Ryan Gravel speaks during the community meeting on the growth of Atlanta.
Ryan Gravel speaks during the community meeting on the growth of Atlanta.

By Clare S. Richie

During an Oct. 4  community meeting at the Central Library in Downtown, Atlanta BeltLine visionary Ryan Gravel presented a framework for how the city can accommodate an estimated 1.3 million people by 2050 and invited the public to give feedback.

The framework contemplates Dr. Martin Luther King’s Beloved Community of economic and social inclusiveness amidst a growing population.

Ravel alongside the city’s design team identified five core values by studying the city’s past – from native people to Reconstruction to Civil Rights to the current era of rebirth – and by understanding that at it’s best “Atlanta brings together different people, cultures, and businesses”.

Atlanta City Design starts with these core value (nature, access, ambition, progress and equity), spells out their inherent challenges, and then provides recommendations for a path forward.

Ideally, what would follow are specific policy and implementation decisions (e.g., updated transportation plan).

The framework can also drive the physical design of the city. Gravel shared a city map highlighting “Growth Areas” and “Conservation Areas” (traditional neighborhoods and key industrial areas) along different corridors.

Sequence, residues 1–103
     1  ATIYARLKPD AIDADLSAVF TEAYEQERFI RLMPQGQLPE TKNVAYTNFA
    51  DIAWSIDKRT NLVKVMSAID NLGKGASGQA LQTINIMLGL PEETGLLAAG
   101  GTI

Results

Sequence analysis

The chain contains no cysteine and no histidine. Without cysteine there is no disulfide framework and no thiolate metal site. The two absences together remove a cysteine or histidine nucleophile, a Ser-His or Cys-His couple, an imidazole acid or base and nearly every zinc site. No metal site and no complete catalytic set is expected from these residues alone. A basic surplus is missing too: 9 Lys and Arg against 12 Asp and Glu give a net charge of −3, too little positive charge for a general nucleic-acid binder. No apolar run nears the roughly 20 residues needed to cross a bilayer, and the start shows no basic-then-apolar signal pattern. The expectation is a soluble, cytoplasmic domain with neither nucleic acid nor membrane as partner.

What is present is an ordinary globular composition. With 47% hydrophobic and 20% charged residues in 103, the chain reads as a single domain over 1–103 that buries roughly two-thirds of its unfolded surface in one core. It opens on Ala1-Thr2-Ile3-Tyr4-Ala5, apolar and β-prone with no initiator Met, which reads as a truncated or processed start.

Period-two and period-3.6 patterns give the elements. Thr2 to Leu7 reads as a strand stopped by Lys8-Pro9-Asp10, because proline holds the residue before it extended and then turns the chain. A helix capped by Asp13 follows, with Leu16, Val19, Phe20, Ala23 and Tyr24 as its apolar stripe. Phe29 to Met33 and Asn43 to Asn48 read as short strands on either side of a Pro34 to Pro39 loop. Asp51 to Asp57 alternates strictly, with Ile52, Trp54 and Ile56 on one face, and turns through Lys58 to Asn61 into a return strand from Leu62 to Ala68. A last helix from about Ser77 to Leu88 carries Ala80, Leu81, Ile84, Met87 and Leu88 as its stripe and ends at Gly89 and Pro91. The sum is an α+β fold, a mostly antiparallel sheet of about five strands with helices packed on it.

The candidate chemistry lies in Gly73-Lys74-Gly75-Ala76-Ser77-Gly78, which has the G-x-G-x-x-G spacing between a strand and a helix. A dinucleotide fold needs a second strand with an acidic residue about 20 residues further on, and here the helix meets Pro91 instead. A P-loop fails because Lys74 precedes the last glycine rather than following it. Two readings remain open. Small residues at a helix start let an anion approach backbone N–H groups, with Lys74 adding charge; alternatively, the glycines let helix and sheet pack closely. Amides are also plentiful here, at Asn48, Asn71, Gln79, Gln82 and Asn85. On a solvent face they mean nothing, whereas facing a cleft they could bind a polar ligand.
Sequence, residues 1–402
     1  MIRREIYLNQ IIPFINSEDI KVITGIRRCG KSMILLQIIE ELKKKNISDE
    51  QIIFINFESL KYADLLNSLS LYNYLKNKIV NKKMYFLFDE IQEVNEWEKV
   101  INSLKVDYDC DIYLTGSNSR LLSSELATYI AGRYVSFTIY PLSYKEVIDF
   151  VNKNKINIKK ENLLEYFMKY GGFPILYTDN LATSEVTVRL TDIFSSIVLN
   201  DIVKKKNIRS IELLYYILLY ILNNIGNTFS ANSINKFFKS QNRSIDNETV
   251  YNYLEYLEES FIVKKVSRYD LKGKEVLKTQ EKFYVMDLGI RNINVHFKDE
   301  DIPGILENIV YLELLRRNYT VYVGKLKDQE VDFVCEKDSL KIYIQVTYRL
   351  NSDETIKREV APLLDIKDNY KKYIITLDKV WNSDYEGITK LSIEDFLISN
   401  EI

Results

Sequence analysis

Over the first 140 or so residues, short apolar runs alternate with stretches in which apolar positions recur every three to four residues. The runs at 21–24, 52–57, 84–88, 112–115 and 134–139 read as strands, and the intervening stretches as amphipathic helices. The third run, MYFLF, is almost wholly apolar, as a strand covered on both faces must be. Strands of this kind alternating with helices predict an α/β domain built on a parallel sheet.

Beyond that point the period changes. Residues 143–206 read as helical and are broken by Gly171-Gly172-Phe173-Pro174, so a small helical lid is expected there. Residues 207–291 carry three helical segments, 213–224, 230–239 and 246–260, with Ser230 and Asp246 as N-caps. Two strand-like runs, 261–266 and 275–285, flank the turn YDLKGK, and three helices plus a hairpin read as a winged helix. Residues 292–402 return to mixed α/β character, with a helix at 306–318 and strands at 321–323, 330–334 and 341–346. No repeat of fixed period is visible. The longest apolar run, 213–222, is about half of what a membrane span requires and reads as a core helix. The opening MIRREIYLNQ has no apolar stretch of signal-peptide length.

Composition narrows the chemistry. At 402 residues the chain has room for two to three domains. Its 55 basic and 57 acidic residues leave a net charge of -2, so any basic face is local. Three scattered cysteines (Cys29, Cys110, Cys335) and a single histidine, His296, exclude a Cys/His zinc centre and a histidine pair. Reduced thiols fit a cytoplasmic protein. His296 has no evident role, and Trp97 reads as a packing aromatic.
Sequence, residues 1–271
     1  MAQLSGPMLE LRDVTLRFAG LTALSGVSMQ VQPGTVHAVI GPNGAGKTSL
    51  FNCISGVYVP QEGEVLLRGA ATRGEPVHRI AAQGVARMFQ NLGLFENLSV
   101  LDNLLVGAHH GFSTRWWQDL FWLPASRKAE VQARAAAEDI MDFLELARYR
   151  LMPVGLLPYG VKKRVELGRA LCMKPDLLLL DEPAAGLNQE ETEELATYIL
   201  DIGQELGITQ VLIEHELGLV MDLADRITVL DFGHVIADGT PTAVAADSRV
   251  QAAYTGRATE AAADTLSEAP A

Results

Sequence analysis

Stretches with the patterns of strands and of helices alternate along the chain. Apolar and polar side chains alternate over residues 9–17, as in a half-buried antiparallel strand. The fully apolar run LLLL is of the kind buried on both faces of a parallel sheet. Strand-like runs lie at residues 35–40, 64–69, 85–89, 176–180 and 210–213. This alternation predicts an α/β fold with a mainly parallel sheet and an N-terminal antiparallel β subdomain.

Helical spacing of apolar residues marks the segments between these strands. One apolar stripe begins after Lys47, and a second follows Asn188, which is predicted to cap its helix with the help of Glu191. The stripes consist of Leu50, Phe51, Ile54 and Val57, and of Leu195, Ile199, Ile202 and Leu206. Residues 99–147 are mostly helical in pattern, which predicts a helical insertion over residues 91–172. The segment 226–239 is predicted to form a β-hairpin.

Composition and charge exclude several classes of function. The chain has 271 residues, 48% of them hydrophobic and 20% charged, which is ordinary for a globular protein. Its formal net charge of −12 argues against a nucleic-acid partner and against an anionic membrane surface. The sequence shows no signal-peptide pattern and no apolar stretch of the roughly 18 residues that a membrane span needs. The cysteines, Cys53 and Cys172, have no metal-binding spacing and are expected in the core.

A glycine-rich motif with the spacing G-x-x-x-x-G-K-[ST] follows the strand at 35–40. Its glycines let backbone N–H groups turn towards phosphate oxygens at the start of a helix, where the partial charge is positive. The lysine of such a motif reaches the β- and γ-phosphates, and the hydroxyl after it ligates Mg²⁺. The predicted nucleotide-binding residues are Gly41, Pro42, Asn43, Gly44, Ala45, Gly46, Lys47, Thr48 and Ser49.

A map showing the city’s growth and conservation areas.

For example, Peachtree Street has development adjacent to preserved tree canopy neighborhoods. Other corridors ripe for growth and conservation include Hollowell Parkway and Metropolitan Parkway.

The City of Atlanta Department of Community Planning and Development wants your feedback –whether you were there last night or not.

“We invite you into our creative process. Tonight is a draft,“ Gravel explained.

Audience members shared comments on poster boards outside of the auditorium. You can voice your opinions and learn more at the Atlanta City Design Studio at Ponce City Market, through Facebook, or at future meetings.

In fact, the next meeting is Thursday, Nov. 3, at 6:00 p.m. at Central Library. The design team will share feedback received, facilitate an open discussion, and provide a meeting schedule – by location and topic.

Collin Kelley

Collin Kelley has been the editor of Atlanta Intown for two decades and has been a journalist and freelance writer for 35 years. He’s also an award-winning poet and novelist.